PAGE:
"reason": "shutdown",
    "reconnect": true 
}

It contains string reason of connection closing and advice to reconnect or not. Client should take this reconnect advice into account.

In case of network problems and random disconnect from server without well known reason client should always try to reconnect with exponential intervals.

Handle errors

This section contains advices to error handling in client implementations.

Errors can happen during various operations and can be handled in special way in context of some commands to tolerate network and server problems.

Errors during connect must result in full client reconnect with exponential backoff strategy. The special case is error with code 110 which signals that connection token already expired. As we said above client should update its connection JWT before connecting to server again.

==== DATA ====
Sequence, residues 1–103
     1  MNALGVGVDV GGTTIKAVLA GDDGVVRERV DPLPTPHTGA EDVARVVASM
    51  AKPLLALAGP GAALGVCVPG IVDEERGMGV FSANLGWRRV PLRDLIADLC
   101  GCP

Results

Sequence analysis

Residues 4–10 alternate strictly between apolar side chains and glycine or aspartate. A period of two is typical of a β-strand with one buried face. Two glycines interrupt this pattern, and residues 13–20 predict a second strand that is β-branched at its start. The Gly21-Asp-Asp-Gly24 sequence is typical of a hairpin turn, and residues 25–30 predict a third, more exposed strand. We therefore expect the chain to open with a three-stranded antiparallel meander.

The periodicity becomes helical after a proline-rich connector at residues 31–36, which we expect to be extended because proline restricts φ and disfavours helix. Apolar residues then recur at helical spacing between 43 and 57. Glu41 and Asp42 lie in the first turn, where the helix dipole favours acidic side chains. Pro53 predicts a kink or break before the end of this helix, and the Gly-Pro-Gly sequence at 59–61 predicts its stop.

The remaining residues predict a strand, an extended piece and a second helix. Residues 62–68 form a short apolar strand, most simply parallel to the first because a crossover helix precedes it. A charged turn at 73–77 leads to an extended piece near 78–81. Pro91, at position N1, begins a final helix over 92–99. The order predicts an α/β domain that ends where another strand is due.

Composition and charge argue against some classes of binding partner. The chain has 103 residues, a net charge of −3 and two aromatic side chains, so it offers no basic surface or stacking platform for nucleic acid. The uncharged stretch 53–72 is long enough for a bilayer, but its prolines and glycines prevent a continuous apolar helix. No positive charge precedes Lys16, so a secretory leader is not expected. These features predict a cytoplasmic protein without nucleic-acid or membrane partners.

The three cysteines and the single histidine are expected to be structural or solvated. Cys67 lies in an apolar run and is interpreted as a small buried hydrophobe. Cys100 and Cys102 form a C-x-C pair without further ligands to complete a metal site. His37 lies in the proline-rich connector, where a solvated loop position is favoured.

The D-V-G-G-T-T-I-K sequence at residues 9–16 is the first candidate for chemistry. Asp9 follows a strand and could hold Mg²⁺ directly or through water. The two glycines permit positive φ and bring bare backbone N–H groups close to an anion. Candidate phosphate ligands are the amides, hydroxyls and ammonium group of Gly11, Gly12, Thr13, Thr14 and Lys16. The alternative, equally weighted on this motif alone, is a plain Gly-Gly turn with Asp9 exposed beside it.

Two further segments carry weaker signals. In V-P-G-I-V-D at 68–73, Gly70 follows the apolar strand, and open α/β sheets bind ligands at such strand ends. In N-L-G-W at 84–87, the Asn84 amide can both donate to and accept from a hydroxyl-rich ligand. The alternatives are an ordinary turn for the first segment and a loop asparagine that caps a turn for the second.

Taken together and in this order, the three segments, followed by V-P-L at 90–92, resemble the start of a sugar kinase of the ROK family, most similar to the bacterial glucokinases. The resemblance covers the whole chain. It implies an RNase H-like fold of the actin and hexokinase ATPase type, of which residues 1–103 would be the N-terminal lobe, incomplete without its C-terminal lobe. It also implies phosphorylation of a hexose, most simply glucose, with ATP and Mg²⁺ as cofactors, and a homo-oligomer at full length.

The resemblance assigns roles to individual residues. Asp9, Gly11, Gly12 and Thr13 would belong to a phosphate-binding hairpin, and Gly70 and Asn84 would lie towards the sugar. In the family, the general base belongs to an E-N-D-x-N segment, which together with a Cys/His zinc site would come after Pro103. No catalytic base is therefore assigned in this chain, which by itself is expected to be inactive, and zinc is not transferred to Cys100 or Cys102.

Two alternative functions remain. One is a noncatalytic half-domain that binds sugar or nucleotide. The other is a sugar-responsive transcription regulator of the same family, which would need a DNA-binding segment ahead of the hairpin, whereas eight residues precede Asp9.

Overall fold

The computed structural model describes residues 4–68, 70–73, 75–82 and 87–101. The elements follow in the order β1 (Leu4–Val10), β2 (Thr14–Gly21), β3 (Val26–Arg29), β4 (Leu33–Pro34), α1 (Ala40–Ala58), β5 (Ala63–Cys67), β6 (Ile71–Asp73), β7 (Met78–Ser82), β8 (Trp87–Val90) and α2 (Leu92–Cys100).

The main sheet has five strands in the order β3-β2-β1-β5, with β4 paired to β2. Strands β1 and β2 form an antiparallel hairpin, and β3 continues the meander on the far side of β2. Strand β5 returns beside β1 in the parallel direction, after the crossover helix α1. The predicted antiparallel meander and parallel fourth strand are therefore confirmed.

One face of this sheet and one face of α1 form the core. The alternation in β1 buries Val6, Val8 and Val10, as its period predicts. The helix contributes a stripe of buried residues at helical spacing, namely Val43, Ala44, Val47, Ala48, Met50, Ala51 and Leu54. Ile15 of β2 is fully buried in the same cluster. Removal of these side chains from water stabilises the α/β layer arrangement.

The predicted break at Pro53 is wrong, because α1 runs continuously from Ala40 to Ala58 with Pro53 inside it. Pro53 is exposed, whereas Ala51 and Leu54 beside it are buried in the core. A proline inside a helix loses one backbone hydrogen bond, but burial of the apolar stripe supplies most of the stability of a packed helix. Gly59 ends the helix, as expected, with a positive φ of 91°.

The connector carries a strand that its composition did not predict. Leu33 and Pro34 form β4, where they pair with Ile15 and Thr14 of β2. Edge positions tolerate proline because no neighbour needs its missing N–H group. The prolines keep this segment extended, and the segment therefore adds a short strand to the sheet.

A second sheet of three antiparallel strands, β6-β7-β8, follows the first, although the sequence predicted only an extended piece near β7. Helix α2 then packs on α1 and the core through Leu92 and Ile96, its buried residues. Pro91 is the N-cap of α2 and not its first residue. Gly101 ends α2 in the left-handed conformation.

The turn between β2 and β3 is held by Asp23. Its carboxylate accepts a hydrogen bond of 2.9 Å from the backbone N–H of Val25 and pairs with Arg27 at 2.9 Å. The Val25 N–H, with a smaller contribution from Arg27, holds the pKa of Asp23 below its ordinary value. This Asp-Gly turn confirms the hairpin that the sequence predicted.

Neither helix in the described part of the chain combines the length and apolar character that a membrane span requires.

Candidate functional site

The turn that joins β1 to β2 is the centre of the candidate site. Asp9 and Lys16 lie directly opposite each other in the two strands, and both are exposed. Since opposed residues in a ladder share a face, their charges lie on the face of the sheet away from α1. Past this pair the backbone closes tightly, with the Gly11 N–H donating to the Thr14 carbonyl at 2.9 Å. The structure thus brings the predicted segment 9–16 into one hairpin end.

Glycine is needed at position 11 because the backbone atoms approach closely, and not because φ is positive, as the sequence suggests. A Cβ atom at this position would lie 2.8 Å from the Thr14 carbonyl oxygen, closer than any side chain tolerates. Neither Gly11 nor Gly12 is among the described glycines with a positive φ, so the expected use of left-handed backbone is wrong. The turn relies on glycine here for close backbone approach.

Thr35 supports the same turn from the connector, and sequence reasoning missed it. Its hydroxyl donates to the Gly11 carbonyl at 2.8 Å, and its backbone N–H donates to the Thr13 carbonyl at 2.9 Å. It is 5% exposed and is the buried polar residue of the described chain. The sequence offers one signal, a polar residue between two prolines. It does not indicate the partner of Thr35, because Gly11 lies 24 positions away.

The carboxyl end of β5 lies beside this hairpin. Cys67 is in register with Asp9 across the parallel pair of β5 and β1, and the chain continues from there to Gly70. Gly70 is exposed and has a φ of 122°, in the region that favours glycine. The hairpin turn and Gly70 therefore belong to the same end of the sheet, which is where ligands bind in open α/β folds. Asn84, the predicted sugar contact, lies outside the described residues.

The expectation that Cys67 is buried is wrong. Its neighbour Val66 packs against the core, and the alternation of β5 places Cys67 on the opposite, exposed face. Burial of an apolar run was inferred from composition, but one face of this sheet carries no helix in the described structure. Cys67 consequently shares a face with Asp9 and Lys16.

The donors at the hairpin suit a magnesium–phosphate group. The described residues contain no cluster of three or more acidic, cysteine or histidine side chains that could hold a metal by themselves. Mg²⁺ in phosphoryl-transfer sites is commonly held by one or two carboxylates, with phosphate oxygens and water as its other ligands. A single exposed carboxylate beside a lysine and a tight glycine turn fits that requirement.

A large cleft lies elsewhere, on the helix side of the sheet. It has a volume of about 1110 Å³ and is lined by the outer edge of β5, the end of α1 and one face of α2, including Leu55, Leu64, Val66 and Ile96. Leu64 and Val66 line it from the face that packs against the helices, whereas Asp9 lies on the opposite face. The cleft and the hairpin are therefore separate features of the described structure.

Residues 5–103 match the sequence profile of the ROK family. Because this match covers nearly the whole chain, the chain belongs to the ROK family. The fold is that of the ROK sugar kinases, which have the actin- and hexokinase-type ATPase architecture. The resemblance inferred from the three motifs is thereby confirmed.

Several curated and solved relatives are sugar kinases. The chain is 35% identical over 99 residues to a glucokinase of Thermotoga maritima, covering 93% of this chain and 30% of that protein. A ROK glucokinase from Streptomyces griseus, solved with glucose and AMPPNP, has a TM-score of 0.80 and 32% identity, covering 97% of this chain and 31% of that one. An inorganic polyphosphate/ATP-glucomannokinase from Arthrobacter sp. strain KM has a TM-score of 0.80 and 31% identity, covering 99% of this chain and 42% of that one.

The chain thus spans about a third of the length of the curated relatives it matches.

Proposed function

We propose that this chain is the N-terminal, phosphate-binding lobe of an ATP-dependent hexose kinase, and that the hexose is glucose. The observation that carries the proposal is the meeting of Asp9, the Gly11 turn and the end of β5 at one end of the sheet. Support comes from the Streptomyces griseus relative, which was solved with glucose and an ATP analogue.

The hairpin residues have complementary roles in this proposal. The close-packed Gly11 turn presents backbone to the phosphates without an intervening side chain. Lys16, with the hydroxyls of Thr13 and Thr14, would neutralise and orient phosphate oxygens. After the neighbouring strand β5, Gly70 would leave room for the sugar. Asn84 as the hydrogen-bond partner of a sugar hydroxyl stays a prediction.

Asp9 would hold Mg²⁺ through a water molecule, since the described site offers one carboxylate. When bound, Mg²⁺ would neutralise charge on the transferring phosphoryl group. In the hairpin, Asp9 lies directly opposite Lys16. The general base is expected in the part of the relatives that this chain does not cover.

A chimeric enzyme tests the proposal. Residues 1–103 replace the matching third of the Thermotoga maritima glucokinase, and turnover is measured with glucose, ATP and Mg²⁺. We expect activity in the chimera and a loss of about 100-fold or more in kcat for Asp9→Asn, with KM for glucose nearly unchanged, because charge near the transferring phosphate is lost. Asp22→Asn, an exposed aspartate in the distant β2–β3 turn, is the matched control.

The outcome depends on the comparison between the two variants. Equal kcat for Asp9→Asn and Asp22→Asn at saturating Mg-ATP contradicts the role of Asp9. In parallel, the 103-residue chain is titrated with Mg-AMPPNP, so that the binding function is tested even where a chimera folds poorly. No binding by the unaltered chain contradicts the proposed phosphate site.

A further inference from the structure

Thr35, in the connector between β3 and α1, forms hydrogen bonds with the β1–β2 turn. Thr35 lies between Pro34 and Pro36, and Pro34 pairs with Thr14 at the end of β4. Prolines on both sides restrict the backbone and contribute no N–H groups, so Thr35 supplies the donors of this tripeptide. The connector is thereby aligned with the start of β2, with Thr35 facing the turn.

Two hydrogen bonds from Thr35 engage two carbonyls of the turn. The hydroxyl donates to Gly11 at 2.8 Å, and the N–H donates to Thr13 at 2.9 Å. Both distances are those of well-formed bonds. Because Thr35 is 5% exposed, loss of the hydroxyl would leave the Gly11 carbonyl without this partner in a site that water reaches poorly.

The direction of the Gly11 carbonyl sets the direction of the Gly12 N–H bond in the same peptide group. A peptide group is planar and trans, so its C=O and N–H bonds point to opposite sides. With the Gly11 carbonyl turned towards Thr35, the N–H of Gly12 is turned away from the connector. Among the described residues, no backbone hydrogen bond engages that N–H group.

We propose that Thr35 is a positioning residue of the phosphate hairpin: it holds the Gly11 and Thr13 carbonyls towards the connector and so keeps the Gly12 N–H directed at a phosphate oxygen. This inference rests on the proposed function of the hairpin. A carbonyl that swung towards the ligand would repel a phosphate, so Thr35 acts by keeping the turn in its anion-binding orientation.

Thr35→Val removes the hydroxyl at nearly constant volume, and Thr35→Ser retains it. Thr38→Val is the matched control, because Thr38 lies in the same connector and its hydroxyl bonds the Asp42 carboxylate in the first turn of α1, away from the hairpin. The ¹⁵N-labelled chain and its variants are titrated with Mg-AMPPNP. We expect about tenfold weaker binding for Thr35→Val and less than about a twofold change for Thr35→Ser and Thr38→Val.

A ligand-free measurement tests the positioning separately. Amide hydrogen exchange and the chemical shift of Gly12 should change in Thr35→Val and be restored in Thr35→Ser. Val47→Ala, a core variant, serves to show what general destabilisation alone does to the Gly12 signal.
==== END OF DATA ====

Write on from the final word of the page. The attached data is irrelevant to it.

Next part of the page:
Errors during subscribe must result in full client reconnect in case of internal error (code 100). And be sent to subscribe error event handler of subscription if received error is persistent. Persistent errors are errors like permission denied, bad request, namespace not found etc. Persistent errors in most situation mean a mistake from developers side.

The special corner case is client-side timeout during subscribe operation. As protocol is asynchronous it’s possible in this case that server will eventually subscribe client on channel but client will think that it’s not subscribed. It’s possible to retry subscription request and tolerate already subscribed (code 105) error as expected. But the simplest solution is to reconnect entirely as this is simpler and gives client a chance to connect to working server instance.